Lebanon Appeals for Import Credit as Crisis Sparks Dollar Crunch

(Bloomberg) -- Lebanon’s caretaker premier sought credit offers from allies Saudi Arabia, France and the U.S. to cover critical imports as the nation’s economic and political crisis fuels a shortage of dollars.

Saad Hariri, who resigned in late October in the face of mounting nationwide protests against an elite demonstrators accused of mismanagement and corruption, also sent letters to the leaders of Russia, Egypt, Turkey, China and Italy, according to his party’s website. He said Lebanon needed assistance to counter a “liquidity shortage” and ensure food security.

The dollar crunch has worsened as the central bank attempts to protect its foreign reserves and ease pressure on the Lebanese pound’s peg to the U.S. currency. A parallel rate has emerged for the pound higher than the fixed regime of 1,507.5 to the dollar. Banks have tightened restrictions on the movement of capital with some even freezing credit lines for importers and others refusing to dispense dollars.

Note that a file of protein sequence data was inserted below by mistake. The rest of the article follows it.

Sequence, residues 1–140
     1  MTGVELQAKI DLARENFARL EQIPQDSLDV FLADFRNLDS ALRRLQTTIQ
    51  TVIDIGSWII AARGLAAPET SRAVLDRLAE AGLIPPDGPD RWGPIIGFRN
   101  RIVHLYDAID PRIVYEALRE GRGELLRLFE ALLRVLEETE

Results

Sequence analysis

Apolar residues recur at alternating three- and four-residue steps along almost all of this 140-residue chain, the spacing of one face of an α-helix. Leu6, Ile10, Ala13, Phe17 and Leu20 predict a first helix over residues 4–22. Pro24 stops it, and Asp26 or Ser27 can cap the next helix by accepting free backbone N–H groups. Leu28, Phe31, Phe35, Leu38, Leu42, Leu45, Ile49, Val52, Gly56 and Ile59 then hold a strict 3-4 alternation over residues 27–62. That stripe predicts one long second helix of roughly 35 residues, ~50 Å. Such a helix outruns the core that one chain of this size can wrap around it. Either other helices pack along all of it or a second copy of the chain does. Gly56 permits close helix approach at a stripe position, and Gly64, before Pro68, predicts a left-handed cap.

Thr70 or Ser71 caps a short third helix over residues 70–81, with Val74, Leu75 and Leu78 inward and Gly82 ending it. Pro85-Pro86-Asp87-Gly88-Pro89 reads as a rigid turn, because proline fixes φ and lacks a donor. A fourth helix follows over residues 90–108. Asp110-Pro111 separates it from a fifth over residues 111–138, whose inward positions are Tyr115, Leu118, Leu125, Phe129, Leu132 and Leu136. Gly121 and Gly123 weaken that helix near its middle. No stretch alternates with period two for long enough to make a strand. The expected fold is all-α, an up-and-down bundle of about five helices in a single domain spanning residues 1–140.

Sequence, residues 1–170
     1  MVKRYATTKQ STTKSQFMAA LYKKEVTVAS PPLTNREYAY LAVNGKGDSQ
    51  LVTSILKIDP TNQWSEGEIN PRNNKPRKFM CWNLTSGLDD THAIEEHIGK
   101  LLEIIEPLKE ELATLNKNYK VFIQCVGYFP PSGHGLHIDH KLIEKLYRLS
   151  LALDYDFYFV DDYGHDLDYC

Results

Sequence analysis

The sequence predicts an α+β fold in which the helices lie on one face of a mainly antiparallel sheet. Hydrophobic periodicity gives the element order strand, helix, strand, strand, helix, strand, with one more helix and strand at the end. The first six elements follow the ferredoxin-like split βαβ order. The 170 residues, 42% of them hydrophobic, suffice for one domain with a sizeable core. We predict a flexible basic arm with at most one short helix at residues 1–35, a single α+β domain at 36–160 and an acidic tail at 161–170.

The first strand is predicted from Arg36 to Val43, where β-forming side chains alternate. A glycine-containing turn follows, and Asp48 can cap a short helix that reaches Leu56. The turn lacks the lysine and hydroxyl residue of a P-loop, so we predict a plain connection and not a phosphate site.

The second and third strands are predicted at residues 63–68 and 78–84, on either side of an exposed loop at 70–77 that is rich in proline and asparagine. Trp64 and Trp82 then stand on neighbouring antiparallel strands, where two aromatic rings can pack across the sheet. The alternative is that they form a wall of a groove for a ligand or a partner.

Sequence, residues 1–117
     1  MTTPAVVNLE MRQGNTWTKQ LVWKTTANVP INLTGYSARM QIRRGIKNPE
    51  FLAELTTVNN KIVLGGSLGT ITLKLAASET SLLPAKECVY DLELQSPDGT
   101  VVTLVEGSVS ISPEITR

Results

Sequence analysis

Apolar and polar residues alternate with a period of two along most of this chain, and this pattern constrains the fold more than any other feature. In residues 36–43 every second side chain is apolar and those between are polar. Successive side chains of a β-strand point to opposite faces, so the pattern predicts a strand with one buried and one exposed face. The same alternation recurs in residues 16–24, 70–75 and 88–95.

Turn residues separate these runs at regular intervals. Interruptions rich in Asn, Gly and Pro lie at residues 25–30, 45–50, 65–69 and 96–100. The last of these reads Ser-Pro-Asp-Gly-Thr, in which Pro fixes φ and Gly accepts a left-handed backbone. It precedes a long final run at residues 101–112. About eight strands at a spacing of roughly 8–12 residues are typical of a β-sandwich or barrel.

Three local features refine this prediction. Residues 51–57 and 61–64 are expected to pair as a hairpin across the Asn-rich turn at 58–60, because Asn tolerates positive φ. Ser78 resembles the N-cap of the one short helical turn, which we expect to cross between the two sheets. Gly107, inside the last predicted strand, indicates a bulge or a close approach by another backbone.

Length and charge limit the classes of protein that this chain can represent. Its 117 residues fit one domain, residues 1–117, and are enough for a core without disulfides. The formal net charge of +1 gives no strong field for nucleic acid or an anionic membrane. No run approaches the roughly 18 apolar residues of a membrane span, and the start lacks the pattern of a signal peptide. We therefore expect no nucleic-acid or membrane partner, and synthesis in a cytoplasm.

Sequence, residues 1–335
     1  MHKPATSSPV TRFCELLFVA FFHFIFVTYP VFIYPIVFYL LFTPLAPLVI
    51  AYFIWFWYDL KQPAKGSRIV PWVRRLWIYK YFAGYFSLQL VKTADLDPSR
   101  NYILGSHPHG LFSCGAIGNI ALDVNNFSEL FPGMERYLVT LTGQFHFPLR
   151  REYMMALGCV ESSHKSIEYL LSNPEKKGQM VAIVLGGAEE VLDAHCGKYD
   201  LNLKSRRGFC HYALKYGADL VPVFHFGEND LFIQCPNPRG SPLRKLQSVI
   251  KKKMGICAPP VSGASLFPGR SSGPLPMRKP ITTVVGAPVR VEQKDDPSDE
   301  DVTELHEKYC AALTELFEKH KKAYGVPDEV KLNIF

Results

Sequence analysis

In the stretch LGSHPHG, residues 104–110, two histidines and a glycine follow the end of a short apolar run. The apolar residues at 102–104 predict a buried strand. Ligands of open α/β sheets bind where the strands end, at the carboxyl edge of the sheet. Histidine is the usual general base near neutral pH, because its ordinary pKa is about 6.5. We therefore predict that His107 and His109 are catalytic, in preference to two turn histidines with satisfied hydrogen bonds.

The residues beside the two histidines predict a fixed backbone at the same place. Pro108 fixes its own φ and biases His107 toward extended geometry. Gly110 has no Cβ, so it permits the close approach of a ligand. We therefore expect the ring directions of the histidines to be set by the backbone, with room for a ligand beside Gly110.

To keep its lenders stable and defend the peg, Lebanon relies on inflows from the millions of its citizens living abroad. However, capital inflows needed to finance the large current account and fiscal deficits have slowed as confidence has dwindled; outflows have gathered pace.

Lebanon has been convulsed by weeks of nationwide protests that toppled Hariri’s government and raised investor concern that the country, one of the most indebted in the world, might struggle to pay bondholders.

Hariri and other officials had earlier asked Gulf countries for financial aid to help alleviate the financial crisis but received only promises of assistance.

On Friday, President Michel Aoun said he discussed Lebanon’s plight with representatives of Morgan Stanley and other finance institutions, ahead of planned Monday talks with political factions on naming a new premier.

The meeting covered a proposed economic reform plan, Aoun said on Twitter.

Samir al-Khatib, a businessman, has emerged as a leading candidate to replace Hariri.

©2019 Bloomberg L.P.

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